Two, trade for a player that, just like Duchene, was favored to have a great season but eventually was viewed as a somewhat decent player. I’m thinking either Ovechkin, Kopitar or Martin St. Louis. We all know Alexander the so-so has had an up and down season — which I think has largely to do his “diva” side coming out more this season than in previous ones. St. Louis is definitely a solid choice, I mean who gets a puck in the face and comes back a short while later to pick up where he left off? Although the problem with trading for St. Louis is that the Tampa Bay Lighting cannot be trusted, especially if your league takes into account plus/minus records. Garon and Roloson have let in the highest amount of goals in league with 194 GA, and that’s not a team you’d want to be compared to. They are also known sellers who just added a guy named Tim Wallace. With Kopitar it’s pretty much the opposite story than St. Louis, where the LA Kings can stop the puck in their end…their just having trouble getting them IN the other end. LA currently has the LOWEST amount of goals scored in the league (128 GF).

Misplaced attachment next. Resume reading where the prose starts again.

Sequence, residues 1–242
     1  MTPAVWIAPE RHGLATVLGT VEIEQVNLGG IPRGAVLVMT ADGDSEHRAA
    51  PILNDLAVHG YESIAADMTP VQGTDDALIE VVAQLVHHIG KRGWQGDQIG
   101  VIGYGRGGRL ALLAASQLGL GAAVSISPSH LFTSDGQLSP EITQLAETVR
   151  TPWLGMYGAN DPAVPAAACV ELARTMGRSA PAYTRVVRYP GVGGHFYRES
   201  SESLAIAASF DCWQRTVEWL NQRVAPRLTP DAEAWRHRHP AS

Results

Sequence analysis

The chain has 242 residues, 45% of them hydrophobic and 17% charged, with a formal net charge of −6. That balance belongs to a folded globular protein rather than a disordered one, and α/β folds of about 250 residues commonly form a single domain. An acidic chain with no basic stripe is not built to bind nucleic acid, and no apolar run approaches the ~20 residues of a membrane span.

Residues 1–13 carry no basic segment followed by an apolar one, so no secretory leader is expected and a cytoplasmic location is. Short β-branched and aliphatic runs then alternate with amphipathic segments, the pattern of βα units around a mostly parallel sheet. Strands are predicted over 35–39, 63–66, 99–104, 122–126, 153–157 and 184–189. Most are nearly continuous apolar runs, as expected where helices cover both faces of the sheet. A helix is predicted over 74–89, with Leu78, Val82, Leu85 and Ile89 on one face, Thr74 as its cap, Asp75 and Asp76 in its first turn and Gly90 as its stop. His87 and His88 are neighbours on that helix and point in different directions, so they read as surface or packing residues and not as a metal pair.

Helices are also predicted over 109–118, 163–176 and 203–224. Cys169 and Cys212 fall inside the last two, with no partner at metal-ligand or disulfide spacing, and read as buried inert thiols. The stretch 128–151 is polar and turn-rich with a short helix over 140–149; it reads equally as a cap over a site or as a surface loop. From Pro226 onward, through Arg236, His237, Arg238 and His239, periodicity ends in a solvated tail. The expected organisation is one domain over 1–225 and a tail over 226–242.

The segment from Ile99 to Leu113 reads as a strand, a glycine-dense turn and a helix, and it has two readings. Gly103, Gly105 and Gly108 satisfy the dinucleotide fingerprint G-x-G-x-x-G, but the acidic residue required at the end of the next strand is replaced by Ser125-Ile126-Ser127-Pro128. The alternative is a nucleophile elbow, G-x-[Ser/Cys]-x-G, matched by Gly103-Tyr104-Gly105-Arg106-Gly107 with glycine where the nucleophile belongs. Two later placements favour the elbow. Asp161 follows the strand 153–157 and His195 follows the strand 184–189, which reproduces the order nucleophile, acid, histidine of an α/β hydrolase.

Three, just stick with him. There’s still a chance that he might hit a decent point-streak in this stride for the playoffs.
The choice is yours…but choose wisely. The next month or so is “make or break” time for most teams, fantasy or otherwise.
Now, I’ve got a question for you, the other night I had one of the worse nights all season for one of my leagues. 11 players on the ice, including one goalies, and I ended that night with -7, 33 saves and 1 assist! I’m about to take this league and completely write it off, but as of now there’s still hope. I have two acquisitions left and trades are obviously unlimited. Sure, I could use one of the acquisitions to pick up Scott Hartnell and drop one of my sad-sacks, like Versteeg or Krejci, but that will only get me so far, I have to pull off a decent trade.